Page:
5. Dirty Evaporator and Condenser Coils

If you notice warm air coming from your air conditioner or a funky mold-like aroma in your home, it’s time to peep the condenser coils. Your condenser coils are located outside of your home, so it makes sense that they can easily become dirty thanks to landscaping debris and the changing weather (falling leaves, anyone?). 

If they get clogged, heat becomes trapped and the machine will constantly run. If you suspect your condenser coils are dirty, go take a look outside. You can usually tell with a quick visual assessment. 

If dirt is coating your evaporator coils—which are responsible for cooling your home’s air—they can’t do their job as effectively. They will need to be cleaned before your air conditioner is back in shipshape. 

If you suspect an issuer with your evaporator or condenser coils, you should call an HVAC professional in your area for an evaluation. According to HomeAdvisor, it costs between $100 and $400 to have your AC coils cleaned. 

6. Frozen Coils 

There are a few factors that can lead to frozen air conditioner coils and prevent the machine from producing cool air. These include a dirty air filter (mentioned above); broken fans that keep air from moving; and clogged condensation tubes (that take the moisture out of your home).

If you suspect frozen coils are to blame for your air conditioner running constantly, take the following steps: turn off the unit, melt the ice on your air conditioner, and contact an HVAC professional.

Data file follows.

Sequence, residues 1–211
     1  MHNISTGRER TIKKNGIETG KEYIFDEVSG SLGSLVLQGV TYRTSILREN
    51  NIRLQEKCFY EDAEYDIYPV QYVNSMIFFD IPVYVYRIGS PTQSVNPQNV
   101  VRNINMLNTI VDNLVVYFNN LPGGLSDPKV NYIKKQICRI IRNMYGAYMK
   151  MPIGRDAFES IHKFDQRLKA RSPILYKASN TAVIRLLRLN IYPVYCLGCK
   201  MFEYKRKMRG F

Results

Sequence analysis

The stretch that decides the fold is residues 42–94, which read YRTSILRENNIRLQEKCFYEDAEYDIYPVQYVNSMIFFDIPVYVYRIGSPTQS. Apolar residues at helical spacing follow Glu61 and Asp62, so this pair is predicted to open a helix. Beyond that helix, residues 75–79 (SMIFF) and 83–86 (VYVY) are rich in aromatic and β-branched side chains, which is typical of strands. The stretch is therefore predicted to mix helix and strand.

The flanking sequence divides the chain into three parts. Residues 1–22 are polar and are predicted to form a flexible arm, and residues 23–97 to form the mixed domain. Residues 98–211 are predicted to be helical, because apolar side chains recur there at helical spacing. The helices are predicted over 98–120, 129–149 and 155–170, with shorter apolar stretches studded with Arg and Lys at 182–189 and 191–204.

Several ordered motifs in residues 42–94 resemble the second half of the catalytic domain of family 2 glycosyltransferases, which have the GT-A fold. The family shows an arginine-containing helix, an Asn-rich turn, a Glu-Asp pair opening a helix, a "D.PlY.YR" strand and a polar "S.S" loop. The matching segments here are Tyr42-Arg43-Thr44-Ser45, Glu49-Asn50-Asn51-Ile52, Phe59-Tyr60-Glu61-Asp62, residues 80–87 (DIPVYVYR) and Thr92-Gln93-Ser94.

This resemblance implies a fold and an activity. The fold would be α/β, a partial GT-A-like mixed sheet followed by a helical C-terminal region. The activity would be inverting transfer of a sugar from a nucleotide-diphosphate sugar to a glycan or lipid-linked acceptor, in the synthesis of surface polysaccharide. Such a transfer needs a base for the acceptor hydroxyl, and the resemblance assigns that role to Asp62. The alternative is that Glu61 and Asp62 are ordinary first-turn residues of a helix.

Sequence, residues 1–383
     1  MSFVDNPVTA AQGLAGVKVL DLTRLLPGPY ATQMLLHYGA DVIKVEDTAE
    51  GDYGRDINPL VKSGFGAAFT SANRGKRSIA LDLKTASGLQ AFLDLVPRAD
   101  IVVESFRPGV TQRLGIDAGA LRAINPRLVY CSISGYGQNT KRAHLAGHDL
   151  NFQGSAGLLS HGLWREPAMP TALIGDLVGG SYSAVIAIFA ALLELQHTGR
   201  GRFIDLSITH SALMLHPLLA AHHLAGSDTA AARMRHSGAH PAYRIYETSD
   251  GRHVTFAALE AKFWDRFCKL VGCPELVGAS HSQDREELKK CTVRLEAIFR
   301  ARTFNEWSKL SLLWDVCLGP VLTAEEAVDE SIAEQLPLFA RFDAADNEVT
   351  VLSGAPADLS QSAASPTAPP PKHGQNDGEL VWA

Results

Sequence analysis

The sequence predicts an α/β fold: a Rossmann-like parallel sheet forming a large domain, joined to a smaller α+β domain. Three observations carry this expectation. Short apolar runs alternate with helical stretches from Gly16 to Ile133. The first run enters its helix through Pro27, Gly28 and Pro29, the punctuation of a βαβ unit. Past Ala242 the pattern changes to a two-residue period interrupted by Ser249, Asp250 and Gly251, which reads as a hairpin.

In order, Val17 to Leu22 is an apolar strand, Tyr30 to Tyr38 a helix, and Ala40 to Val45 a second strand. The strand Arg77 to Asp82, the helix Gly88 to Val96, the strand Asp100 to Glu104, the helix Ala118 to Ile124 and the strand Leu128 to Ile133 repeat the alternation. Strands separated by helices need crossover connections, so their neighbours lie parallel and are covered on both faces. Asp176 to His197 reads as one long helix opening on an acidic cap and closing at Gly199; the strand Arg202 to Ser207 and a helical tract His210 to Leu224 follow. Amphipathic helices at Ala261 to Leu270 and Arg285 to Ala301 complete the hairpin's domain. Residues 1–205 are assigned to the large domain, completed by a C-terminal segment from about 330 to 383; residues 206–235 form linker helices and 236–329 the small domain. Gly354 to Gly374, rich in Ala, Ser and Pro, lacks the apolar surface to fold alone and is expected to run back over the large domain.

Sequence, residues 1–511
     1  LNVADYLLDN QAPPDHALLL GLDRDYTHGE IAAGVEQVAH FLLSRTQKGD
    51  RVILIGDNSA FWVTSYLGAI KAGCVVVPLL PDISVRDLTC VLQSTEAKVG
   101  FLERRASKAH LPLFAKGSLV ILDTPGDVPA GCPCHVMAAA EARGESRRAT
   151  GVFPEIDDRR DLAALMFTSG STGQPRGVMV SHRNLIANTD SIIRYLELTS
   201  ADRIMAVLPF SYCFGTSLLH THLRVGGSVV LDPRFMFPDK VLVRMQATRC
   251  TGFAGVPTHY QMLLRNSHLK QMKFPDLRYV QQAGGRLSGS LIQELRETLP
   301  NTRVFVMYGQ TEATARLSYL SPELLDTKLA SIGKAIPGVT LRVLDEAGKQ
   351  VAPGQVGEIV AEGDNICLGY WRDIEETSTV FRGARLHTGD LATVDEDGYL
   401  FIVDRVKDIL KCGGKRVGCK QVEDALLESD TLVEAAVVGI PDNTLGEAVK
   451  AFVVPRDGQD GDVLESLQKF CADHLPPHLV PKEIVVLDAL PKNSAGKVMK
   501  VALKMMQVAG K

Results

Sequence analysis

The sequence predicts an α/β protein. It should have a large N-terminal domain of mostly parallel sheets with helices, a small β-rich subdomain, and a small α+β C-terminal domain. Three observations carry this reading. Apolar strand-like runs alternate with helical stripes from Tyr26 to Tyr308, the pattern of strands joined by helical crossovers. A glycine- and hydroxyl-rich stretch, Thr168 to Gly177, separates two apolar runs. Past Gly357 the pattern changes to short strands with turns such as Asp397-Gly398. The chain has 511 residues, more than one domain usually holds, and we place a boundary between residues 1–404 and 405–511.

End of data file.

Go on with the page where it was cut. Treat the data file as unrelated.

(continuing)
7. Refrigerant Leak

If your AC is making an odd hissing-like sound in addition to not cooling your home, you might have low refrigerant levels. If you suspect a refrigerant leak, contact a local HVAC technician who can diagnose the issue and perform any necessary repairs. Once your home is cool again, you can get back to your oasis from the heat. 

How Can I Shorten My Air Conditioner’s Run Cycle?

While your air conditioner needs time to operate, it shouldn’t be running constantly. Here are some tips to follow to help keep your air conditioner’s cycles as short as possible:

  • Keep doors and windows closed. Otherwise, you’re adding to the air your AC needs to cool. 

  • Keep your blinds and drapes closed. Direct midday sun beaming into your home will raise the temperature of the air inside. 

  • Reduce how often you use the stove and oven. Consider this permission to order takeout.

  • Set your thermostat at 75 degrees instead of a lower temp. This will keep you cool without taxing your HVAC system.

  • Take control of the settings by avoiding the “auto” option. Use the “on” and “off” settings instead. 

  • Adjust your fan settings. Running fans in your home helps lower temperatures so your AC doesn’t have to work as hard to cool things down. 

  • Avoid big swings. It takes an air conditioner up to three hours to lower a medium-sized home’s temperature from 80 to 72 degrees Fahrenheit, and even longer if it’s larger.